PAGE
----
Preventing charge backs in retail
How to prevent - and why it is important to prevent charge backs from your retail clients.
Published on: Mar 4, 2016
Transcripts - Preventing charge backs in retail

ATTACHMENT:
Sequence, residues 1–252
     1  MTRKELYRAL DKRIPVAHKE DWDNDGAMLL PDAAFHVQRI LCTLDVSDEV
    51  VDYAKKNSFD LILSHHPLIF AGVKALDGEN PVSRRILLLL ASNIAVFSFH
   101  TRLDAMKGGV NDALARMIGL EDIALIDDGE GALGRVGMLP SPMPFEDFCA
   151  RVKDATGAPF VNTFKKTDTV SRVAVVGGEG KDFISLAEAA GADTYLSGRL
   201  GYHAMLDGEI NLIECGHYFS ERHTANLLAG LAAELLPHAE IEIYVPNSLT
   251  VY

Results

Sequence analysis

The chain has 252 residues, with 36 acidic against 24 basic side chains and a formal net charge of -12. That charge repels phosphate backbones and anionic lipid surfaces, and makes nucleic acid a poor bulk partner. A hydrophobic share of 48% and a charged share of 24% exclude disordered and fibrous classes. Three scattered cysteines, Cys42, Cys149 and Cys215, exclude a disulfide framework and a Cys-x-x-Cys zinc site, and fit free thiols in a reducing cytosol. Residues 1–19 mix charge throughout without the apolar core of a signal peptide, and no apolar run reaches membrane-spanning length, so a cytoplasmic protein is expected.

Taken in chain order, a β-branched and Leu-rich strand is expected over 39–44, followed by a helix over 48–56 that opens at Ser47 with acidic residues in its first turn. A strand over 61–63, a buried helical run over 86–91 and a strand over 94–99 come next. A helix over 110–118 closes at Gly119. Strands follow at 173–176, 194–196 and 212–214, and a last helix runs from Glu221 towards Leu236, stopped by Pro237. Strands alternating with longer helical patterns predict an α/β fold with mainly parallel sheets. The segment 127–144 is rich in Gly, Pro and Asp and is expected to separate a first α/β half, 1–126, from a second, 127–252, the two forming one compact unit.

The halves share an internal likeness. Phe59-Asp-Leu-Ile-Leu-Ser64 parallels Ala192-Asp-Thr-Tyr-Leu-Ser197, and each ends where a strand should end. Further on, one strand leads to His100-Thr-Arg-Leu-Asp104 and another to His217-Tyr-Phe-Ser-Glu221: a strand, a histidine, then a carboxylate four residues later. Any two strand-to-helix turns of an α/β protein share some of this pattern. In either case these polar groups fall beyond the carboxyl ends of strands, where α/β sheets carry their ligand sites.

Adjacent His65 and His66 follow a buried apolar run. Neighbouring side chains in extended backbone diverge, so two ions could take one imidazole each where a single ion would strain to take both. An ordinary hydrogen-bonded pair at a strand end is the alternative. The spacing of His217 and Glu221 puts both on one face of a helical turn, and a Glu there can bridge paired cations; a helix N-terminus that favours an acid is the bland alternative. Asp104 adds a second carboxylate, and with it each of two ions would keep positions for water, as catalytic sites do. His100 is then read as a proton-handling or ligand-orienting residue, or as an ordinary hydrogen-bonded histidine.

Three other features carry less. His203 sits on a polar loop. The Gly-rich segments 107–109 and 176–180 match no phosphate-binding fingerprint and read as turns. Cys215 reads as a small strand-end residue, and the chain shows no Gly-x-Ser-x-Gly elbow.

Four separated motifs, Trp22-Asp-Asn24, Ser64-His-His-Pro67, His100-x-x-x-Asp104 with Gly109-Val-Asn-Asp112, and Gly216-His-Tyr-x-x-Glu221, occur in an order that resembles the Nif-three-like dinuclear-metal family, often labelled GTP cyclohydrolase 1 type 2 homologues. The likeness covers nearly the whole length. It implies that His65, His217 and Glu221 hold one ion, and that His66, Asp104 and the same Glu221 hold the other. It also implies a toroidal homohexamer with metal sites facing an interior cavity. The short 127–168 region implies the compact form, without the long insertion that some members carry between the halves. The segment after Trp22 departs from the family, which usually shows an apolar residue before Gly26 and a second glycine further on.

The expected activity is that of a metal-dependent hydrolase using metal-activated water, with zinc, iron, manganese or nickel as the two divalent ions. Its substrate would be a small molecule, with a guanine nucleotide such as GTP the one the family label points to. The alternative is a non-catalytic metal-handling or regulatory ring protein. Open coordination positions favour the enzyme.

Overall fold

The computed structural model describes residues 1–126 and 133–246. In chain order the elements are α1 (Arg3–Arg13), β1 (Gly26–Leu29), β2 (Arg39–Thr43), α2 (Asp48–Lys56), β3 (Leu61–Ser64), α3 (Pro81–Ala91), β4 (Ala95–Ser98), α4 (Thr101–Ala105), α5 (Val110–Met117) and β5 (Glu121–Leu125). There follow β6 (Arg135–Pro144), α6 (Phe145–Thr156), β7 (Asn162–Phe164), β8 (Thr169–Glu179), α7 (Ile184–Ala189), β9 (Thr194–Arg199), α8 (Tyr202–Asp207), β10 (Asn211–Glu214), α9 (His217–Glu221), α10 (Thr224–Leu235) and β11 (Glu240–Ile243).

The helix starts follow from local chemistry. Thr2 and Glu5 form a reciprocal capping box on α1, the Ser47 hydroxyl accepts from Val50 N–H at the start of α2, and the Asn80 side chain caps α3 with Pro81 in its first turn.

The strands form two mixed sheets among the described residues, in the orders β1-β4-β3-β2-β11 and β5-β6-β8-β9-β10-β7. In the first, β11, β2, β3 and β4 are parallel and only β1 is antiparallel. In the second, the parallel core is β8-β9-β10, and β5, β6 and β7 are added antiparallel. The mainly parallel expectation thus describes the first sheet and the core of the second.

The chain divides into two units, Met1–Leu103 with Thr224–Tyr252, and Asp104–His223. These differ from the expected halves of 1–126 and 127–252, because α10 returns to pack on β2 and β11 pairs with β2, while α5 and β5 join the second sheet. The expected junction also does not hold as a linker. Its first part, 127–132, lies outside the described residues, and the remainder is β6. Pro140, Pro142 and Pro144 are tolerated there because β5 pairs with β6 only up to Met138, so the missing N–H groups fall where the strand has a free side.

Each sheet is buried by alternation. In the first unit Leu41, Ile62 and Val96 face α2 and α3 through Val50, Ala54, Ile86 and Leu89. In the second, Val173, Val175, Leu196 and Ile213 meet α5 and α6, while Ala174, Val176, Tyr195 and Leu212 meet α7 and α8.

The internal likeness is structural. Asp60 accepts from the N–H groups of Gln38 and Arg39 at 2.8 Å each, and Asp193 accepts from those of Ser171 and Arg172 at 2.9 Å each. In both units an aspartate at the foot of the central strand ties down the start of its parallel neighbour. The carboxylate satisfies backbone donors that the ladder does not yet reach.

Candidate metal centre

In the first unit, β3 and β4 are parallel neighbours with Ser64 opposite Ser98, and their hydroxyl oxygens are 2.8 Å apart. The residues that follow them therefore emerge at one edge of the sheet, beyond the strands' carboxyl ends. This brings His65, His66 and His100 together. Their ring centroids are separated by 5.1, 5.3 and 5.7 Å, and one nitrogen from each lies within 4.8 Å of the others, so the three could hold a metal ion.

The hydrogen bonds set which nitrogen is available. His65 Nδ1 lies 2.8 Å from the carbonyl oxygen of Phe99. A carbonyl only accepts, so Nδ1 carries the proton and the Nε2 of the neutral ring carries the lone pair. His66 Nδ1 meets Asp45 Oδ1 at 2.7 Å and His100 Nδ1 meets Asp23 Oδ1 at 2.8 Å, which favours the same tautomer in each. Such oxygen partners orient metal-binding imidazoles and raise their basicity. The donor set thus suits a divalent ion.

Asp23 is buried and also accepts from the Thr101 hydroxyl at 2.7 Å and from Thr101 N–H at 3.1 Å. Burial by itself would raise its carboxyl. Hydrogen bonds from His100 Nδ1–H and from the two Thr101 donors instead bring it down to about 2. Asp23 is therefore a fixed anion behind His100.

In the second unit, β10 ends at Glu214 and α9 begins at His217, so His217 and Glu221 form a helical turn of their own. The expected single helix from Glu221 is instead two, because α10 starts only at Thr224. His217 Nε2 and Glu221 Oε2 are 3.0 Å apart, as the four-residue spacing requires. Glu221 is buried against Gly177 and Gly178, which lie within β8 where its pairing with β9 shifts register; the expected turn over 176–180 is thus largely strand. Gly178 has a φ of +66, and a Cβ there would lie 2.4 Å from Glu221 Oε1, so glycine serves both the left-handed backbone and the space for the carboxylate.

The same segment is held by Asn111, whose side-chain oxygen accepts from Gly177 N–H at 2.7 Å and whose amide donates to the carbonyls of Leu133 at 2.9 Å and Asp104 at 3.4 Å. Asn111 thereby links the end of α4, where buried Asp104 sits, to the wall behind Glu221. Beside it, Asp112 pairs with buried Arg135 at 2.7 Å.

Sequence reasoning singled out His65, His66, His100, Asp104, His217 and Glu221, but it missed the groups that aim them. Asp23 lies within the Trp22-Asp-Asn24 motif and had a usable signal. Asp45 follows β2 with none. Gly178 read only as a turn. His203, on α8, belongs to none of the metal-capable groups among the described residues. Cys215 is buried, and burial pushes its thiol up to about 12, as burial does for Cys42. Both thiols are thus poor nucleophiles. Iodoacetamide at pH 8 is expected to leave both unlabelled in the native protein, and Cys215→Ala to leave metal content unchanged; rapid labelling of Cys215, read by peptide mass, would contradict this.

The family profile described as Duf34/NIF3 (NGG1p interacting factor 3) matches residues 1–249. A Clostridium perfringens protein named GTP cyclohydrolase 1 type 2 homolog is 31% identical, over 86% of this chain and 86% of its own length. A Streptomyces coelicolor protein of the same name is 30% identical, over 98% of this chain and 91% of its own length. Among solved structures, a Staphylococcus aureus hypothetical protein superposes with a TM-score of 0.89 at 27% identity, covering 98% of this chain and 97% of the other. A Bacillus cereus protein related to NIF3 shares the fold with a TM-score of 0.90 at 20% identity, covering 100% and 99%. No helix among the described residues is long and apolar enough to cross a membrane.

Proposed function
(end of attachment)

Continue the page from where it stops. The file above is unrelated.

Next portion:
Chargebacks - Deductions - Invoice Offsets – Fines: AVOID Them!<br />Yes, I am bringing up charge backs again. The infamous offset expense that usually ends up wrecking the profitability of many retail suppliers is something which needs to be discussed continually. For many suppliers, keeping up with a retailer’s compliance guides is a challenge. For many, seeing a single order with a retailer fine or charge back attached to it may not seem like a big issue – add them up at the end of a quarter or annually and you will see 3-4% of your sales evaporate. <br />Get the picture of the “mean” retailer out of your head. They are typically larger organizations and through no fault of their own can develop a certain bureaucracy. One reason for this is the need to insure business systems operate and this includes how and under what conditions product comes into their business environment, not to mention the data needing to flow smoothly to insure equally smooth operations. The charge back or offset expense in many cases doesn’t cover the retailer’s actual costs in researching and correcting the discrepancy. While often they may seem punitive – put it out of your head, knowing that you can overcome the issue.<br />There are a host of different fines many retailers can apply under various circumstances including concealed shortage, wrong item quantity and so on. Data-related errors like wrong item quantity across purchase orders, shipment notifications (ASNs), and invoices can prevent getting product to consumers and cause deductions costing suppliers up to 3% of gross sales. For suppliers, the research needed to reconcile the process can delay payments, increasing Days Sales Outstanding (DSO) by a factor of three or four. And managing chargebacks manually ties up staff for both the retailer and vendor, slowing data access and blocking teams from working together to fix the underlying problems. Without the shared data and visibility to correct many error types, suppliers are left with few options other than to pay the deductions.<br />On a daily basis, there is always a lot to do, charge backs can often seem like a continual fire to put out. It seems like this because when they occur, they can come in waves e.g. the lag between finding, understanding and fixing the underlying issue. But that hectic scrambling doesn’t need to happen provided you have the tools in place to help prevent them. And when they do occur, have the tools to get them (Charge backs) rescinded or get the problem(s) corrected. <br />Reasons why many companies lose to charge backs:<br /><ul><li>Executive direction – many executives don’t have operational experience to see that charge backs often must be addressed by IT, Accounting (A/R), logistics, sales and other personnel and not just one discipline. That makes it a company-wide issue which must be coordinated.